San Luis Obispo County banks and thrifts navigated through tough financial times last year, the result of a severe economic recession that led to painful year-end losses for local institutions.
Of the nine institutions reviewed by The Tribune, all posted a net loss for the year ending Dec. 31, 2009. The losses, some bankers say, were due primarily to growth in nonperforming loans — fallout from a still fragile real estate market — as well as assessments imposed by the FDIC to bolster its dwindling insurance fund and increases in allowances to cushion against potential loan losses.
In addition to bank losses, federal regulators last year also issued enforcement actions or entered into agreements with several local banks, asking them to strengthen their capital position to weather financial troubles.
“We’re all treading water right now,” said Tom Sherman, president of San Luis Obispo’s Founders Community Bank. “We’re cautiously optimistic that things will improve ever so slightly over the course of this next year.”
John Hansen, president and chief executive officer of Atascadero’s Santa Lucia Bank, said it is working through its problem loans and trying to minimize losses.
“We had a rough go of it last year, and our customers had a rough go of it,” he said. “We’re going to hunker down and preserve our capital.”
Like many banks, the focus at San Luis Obispo’s Coast National Bank was on conserving capital and shrinking its asset size, said Gwen Pelfrey, the bank’s chief operating officer.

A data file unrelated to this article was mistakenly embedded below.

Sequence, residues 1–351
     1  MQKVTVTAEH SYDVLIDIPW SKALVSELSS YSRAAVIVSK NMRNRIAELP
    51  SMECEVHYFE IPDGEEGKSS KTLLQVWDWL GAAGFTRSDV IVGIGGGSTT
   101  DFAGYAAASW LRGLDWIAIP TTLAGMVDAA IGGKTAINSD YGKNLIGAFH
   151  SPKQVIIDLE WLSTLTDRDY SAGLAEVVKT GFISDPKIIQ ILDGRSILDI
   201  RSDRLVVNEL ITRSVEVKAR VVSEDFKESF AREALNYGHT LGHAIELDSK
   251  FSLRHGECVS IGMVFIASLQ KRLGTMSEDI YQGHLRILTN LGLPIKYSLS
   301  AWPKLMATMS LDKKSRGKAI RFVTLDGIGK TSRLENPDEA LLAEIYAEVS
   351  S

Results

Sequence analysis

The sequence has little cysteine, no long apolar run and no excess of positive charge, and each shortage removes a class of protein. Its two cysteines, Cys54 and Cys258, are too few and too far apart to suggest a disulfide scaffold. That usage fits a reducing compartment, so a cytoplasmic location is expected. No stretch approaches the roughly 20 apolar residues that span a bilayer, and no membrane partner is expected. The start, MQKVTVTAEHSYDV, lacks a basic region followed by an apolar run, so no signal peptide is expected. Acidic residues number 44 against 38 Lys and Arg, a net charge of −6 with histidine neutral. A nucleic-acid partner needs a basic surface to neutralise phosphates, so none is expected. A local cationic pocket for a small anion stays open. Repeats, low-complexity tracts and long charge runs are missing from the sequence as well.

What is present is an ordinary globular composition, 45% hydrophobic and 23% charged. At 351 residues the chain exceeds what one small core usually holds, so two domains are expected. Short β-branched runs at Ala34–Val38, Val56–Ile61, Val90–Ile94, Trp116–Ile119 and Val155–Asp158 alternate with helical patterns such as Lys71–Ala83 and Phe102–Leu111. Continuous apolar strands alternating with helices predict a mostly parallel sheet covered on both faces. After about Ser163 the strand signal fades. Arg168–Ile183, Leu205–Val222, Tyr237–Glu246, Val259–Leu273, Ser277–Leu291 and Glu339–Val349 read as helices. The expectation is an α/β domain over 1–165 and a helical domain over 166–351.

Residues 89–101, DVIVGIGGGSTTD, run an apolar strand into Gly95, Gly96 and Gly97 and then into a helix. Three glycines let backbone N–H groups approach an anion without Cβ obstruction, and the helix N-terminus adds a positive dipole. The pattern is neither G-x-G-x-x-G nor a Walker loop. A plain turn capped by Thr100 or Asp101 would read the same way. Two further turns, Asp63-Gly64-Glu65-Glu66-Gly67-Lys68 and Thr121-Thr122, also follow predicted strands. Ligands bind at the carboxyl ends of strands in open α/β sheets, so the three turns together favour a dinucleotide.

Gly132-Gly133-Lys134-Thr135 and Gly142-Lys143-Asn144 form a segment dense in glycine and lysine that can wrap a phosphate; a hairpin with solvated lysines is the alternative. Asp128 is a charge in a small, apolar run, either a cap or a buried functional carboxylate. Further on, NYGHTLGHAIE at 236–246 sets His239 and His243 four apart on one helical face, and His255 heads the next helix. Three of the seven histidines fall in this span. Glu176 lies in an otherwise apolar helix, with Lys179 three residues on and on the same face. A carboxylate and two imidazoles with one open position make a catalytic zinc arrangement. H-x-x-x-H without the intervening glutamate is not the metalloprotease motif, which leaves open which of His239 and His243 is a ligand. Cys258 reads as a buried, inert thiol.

“Certainly, you’re hearing and seeing everyone focus on their capital, whether it was because of regulators or just because it was prudent,” she said.
Anita Robinson, president of Mission Community Bank in San Luis Obispo, said the challenges for banks will likely persist into 2011, when there could be some signs of stabilization.
“That’s what we’re all hoping is the case,’’ she said. “But between now and then, we don’t know what to expect, and we’re all just trying to get our arms around it.”
The county’s banks are not alone in feeling the recession’s sting.
Nearly 30 percent of banks nationwide reported negative income for the year, up from 24.8 percent in 2008, the highest proportion of unprofitable institutions in any year since at least 1984, according to the Federal Deposit Insurance Corp.
The FDIC said full-year earnings in 2009 were well below historical norms for the industry, with net income for the year at $12.5 billion, up from $4.5 billion in 2008 but below the $100 billion in net income reported for 2007.
A total of 140 institutions failed during the year — the largest number of bank failures in a year since 1992. The number of institutions on the FDIC’s problem list also rose to 702 at the end of last year, up from 252 at the end of 2008.
While local bankers tighten the reins to remain financially healthy, they must also deal with stepped-up regulatory measures. Several of the county’s banks remain under the watchful eye of federal regulators.
The Office of Thrift Supervision issued a cease-and-desist order against Solvang-based Los Padres Bank in October 2009, ordering the bank to strengthen its capital position by the end of the year.